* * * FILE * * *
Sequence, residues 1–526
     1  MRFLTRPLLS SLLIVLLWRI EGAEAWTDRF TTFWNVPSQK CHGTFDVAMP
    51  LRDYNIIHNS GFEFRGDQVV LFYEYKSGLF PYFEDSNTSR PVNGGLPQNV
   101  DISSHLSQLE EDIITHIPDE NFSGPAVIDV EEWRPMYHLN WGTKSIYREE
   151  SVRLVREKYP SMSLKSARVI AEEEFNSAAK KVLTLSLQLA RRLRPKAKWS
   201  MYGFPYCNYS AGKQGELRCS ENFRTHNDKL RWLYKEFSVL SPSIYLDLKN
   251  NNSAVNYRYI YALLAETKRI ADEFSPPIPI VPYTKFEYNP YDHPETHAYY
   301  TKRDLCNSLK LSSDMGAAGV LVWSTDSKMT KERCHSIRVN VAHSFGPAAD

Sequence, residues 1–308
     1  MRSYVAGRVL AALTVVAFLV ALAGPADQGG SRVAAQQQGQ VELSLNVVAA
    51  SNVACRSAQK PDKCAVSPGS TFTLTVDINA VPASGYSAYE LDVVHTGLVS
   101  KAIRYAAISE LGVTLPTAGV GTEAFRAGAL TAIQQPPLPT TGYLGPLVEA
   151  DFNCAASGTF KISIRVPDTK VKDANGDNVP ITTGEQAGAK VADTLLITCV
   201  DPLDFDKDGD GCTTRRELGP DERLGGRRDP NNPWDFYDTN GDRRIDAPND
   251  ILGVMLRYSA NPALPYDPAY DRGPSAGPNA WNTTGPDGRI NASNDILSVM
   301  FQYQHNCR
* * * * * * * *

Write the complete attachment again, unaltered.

Sequence, residues 1–526
     1  MRFLTRPLLS SLLIVLLWRI EGAEAWTDRF TTFWNVPSQK CHGTFDVAMP
    51  LRDYNIIHNS GFEFRGDQVV LFYEYKSGLF PYFEDSNTSR PVNGGLPQNV
   101  DISSHLSQLE EDIITHIPDE NFSGPAVIDV EEWRPMYHLN WGTKSIYREE
   151  SVRLVREKYP SMSLKSARVI AEEEFNSAAK KVLTLSLQLA RRLRPKAKWS
   201  MYGFPYCNYS AGKQGELRCS ENFRTHNDKL RWLYKEFSVL SPSIYLDLKN
   251  NNSAVNYRYI YALLAETKRI ADEFSPPIPI VPYTKFEYNP YDHPETHAYY
   301  TKRDLCNSLK LSSDMGAAGV LVWSTDSKMT KERCHSIRVN VAHSFGPAAD

Sequence, residues 1–308
     1  MRSYVAGRVL AALTVVAFLV ALAGPADQGG SRVAAQQQGQ VELSLNVVAA
    51  SNVACRSAQK PDKCAVSPGS TFTLTVDINA VPASGYSAYE LDVVHTGLVS
   101  KAIRYAAISE LGVTLPTAGV GTEAFRAGAL TAIQQPPLPT TGYLGPLVEA
   151  DFNCAASGTF KISIRVPDTK VKDANGDNVP ITTGEQAGAK VADTLLITCV
   201  DPLDFDKDGD GCTTRRELGP DERLGGRRDP NNPWDFYDTN GDRRIDAPND
   251  ILGVMLRYSA NPALPYDPAY DRGPSAGPNA WNTTGPDGRI NASNDILSVM
   301  FQYQHNCR